him this guy’s in there.” Roosevelt’s a cagey guy and Larry, thinking so fast says, “Oh, gee, I’m
tembly sorry, Mr. President, it’s been released.” It was released about 10 minutes later (chuckle)
because we had the copies all ready to go and everything was ready but it hadn’t been released.
So that’s how that thing got out. And I believe Larry’s story. He got the Presidential phone call.
Larry was a guy who would take on anybody ifhe wanted to. He was absolutely great. He went
up and had a secret hearing before the House Judiciary Committee opposing Roosevelt’s __ _
I was the only guy in the room who wasn’t on the Committee or its staff.
Mr. Peck: Well, other government service: You were in the Office of
Emergency Management which is usually described as an office to prepare industry for the war
Mr. Rauh: That’s right. It was the holding company of all the agencies- that
were preparing for the war effort. One was successively the National Defense Advisory Council,
Office of Production Management and the War Production Board. Then there was Lend/Lease,
Economic Warfare, but this was the coordinating body. Wayne Coy was the head of the Office
of Emergency Management. He couldn’t direct the people who ran these different agencies, but
he could try to see that the thing was smooth and that it was going well. On occasion, he would
be the one called in by Roosevelt. When Roosevelt went to the Atlantic Charter meeting off in
Canada, he put Wayne in charge of getting things to Russia. The Russians were complaining,
were corning forward to Oscar Cox, who was quite a remarkable, bright guy, was the General
Counsel of both the Office for Emergency Management and Lend/Lease. I was the Deputy
General Counsel of both of those. We had our offices in Lend/Lease because that’s where we
spent most of our time. Wayne would call all the time with different instructions. Some of the
other people who didn’t have full staffs used us as their lawyers. There was a guy named Budd,
head of Budd Wheel. The first day I’m there as the Deputy General Counsel, Oscar comes in and
says, “I’ve got to go to a meeting here. Will you go upstairs and see what Mr. Budd wants and try
to be helpful to him because that would be another client we have.” In other words, we are
building our turf, so I go up in April of ’40, I guess, and he says, “Young man, is it all right if I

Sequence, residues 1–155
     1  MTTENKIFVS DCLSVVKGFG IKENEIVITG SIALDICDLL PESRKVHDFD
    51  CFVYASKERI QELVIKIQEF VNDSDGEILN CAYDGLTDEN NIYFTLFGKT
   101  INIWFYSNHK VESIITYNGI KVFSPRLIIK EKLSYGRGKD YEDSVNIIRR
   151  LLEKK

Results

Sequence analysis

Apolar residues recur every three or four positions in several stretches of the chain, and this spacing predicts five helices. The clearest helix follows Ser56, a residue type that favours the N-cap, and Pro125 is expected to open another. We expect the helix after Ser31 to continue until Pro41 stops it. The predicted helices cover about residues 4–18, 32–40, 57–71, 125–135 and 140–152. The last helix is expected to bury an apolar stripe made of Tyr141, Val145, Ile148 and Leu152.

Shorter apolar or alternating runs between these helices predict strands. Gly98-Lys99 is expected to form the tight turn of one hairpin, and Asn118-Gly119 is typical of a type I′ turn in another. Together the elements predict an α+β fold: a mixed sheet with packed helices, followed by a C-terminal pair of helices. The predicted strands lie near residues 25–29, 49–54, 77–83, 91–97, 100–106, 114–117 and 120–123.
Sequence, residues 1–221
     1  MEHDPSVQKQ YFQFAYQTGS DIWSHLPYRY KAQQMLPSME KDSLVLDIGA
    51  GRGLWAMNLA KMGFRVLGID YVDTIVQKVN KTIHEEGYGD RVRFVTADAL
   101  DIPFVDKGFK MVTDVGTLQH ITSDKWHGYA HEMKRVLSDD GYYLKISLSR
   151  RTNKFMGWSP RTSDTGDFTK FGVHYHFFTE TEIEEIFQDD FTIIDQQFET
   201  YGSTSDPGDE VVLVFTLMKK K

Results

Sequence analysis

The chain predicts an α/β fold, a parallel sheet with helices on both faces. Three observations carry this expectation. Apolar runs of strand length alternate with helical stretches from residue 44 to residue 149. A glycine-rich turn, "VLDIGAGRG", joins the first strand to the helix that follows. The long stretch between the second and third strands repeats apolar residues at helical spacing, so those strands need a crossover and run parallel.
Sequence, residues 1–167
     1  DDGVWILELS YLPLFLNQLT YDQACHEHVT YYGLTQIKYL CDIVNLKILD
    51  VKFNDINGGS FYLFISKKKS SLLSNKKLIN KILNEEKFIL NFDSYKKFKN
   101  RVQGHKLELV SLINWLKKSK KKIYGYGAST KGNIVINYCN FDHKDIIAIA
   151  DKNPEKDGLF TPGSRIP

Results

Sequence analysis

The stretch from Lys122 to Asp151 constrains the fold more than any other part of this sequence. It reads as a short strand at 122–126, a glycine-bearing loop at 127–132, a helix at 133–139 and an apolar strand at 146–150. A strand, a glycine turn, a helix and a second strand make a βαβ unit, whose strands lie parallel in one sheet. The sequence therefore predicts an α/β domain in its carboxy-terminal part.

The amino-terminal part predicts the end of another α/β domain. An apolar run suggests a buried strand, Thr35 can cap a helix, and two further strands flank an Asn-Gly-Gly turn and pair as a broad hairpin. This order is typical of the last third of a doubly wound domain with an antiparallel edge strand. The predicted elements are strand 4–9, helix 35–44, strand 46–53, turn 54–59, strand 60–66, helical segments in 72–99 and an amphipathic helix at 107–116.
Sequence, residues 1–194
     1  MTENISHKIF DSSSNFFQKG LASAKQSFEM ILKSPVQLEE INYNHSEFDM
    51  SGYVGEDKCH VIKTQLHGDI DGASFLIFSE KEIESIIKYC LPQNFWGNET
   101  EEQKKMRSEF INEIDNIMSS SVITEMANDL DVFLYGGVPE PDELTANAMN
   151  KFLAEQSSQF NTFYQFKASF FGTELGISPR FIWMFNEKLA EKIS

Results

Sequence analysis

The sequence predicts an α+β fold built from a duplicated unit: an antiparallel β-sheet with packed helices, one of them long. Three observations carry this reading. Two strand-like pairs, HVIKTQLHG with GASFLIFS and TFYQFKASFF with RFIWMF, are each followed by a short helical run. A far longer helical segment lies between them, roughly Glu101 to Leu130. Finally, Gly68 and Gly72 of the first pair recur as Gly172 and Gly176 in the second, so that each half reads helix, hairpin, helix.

gave the government car to the Open Games?” That’s how serious the war effort was in April of
Mr. Peck: Somewhere I read of a little experience you had with Lee
Pressman, the General Counsel from CIO, where he had opposed a plan to allow the taking for
the war effort of machines not in production with giving just compensation. Pressman said it
was an imperialistic war, and he would support such a plan. Is that accurate?
Mr. Rauh: Here’s what happened: Oscar [Cox] came in one morning and said,
“The President wants a bill that will allow the seizure of private airplanes, machine tools that
would fit into our production, and things like that.” I think that it had been sparked by a private
plane owned by a man named Guggenheim out in the West somewhere, and the Army wanted to
buy it right away or the Air Force – well, there wasn’t any separate Air Force, it was the Army -and
they wanted it for Britain’s reconnaissance. So, Oscar says we will get the CIO and the AFL
and the other big org?ations you think that we might need and do it fast. So, I called the AFL.
That was easy. Anything the President wants, you know, with the war, they were okay. So I
called Pressman. I never should have done that. I should have gone through some other way. I
knew rum and you think of people you know, and you never think, at least I didn’t, that there are
hidden motivations. So I called him and I said the President wants to do this but we want to be
sure it’s okay with Labor. I said, ”Can we put the CIO down as favoring the plan, provided, of
course, we make compensation. We must do it and we must do it fast.” And then, much to my
surprise, he said, I think quite exactly what you just quoted, that they would oppose the bill, that
this w?s an imperialist war and he didn’t – they wouldn’t take sides in the war – and it was quite
ugly. I saw no reason to let him know how deeply I felt. It was what later came out as
Connnunist spies. He was then a member of the party. And that came out later. Of course I
didn’t know it, although I heard reports, but I guess my civil hberties side was up. So anyway, I
shouldn’t have done that. I should have gone a different route to the CIO than I did, but you
know, sometimes you don’t think of the important things. Anyway, I think we dreamed up a way
of getting around rum, and the bill did pass very shortly, and it was very valuable. I mean there
were people who didn’t want to be inconvenienced, but if they got an order they didn’t want to